I've indulged in many hobbies throughout my lifetime. Musically, I've taken guitar and swing dancing lessons, and sung in several choirs. (My vocal range is closest to the range of Hayley from Paramore and Florence from Florence + The Machine. I've sung both soprano and alto.) I've also engaged in a multitude of sports: yoga, pilates, ballet, tap dance, horseback riding, ice skating, swimming, rollerblading, and karate. I like to hop from activity to activity, getting a little bit of everything. Even now that I'm not involved in any sports, I enjoy taking invigorating walks.

In high school, I spent a year in NJROTC. That's right, I once considered a career in the military. I found the other members of my squad to be far too focused on winning competitions and far less focused on comradeship, so that didn't last long.

(My commanding officer was my favorite. Once, during our mile runs, I threw up and passed out. He backed away from me quickly, commanded me to throw up far away from him, and then didn't help me back to the classroom -- he waited until I'd woken back up and could walk myself. Another time, a mock torture interrogation was given. The interrogator kept asking the commanding officer to stand up. Said commanding officer hid in the back, because he considered his life much more important than ours'.)

I spent one summer taking acting classes, and indulged in plenty of creative writing classes even before college. I took a photography class once. I was for a while as a kid involved in a Christian youth group. In middle school, I was in the honors society.

I've been to several concerts.

My first concert was a Hilary Duff concert, all the way back when I was a little girl. (I loved the Disney show Lizzie McGuire, and admired Hilary Duff for being a strong, human, three-dimensional girl without feeling the need to act like a bitch all the time. She was sweet and wholesome, but not weak or docile. Or at least, that's how she always came across to me. I really respected that. I admire Taylor Swift for the same reason.)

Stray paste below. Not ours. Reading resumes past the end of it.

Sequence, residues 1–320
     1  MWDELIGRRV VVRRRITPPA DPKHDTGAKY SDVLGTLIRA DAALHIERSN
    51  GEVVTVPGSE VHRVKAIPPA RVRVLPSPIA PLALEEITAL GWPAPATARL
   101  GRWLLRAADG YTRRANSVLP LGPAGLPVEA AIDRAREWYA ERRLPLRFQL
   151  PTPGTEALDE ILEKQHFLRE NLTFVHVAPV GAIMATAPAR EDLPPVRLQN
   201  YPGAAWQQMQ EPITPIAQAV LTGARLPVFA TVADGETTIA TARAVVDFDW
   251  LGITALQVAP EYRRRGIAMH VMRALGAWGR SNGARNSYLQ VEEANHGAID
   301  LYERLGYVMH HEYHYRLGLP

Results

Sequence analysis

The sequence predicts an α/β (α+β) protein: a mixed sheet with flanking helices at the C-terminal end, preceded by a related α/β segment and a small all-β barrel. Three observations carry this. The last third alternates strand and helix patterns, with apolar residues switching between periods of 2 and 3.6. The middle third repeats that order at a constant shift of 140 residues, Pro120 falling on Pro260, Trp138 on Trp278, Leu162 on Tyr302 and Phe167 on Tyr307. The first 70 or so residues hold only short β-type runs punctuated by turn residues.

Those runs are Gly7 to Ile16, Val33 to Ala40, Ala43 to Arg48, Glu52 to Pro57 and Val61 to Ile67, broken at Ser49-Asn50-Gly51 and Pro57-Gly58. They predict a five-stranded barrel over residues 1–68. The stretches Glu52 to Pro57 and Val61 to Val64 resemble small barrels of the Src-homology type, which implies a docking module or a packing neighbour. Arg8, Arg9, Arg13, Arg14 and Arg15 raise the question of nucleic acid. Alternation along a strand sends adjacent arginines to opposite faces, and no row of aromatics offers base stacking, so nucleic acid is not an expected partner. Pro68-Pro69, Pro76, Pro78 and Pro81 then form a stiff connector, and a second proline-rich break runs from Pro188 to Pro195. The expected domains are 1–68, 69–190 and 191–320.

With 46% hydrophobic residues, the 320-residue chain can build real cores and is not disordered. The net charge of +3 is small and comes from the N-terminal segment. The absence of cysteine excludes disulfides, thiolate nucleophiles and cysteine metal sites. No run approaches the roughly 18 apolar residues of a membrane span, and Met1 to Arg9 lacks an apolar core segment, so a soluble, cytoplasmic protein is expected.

My aunt took me. Everyone else was just standing still in the dark, listening to the music. (They were mostly adults, there on the behest of their young daughters.) I couldn't understand that at all! How could people stay still when they listened to music? I was dancing and jumping around like crazy, having the time of my life!

My next concert was a rock festival in high school. I had a best friend in high school; she was very into dyed hair, goth fashion, morbid humor, and rock music. She invited me and we went to see the very first iteration of the Projekt Revolution festival. I got to see My Chemical Romance, Linkin Park, and Mindless Self Indulgence all in one day.

Certain memories stick out. At the Mindless Self Indulgence show, which was on the small stage during the heat of the day, Jimmy jumped up on top of one of the speakers while singing. It began swaying precariously and some roadie had to run out in a panic and hold it in place. Jimmy had tall, huge hair I could see from all the way at the back of the audience, and he wore a long, shiny coat that had "As Seen On TV" on the back of it. Lyndsey was wearing noticeable, skintight hot pink pants, and she had girl thighs, which meant she was a girl playing at a rock concert, and that was SO COOL.

After MSI, we bought Projekt Revolution T shirts and bags, and made our way to the big stage where all the major bands were playing that night. I still remember how hilariously people were dressed -- dark clothes and eye makeup. It was all so cliche. (People who dress to fit a certain style make me giggle inside. They look funny.)

That night, we sat away from the main part of the show, on a grassy hill above the stadium. We lay back in the grass and could see the stars as the music played. On one side of us was a group of teens smoking pot -- a security guard kept coming up to them and scolding them; countless times, they would move to go away, and then when she left they just sat right back down and started smoking pot again. On our other side was a couple making out on a blanket.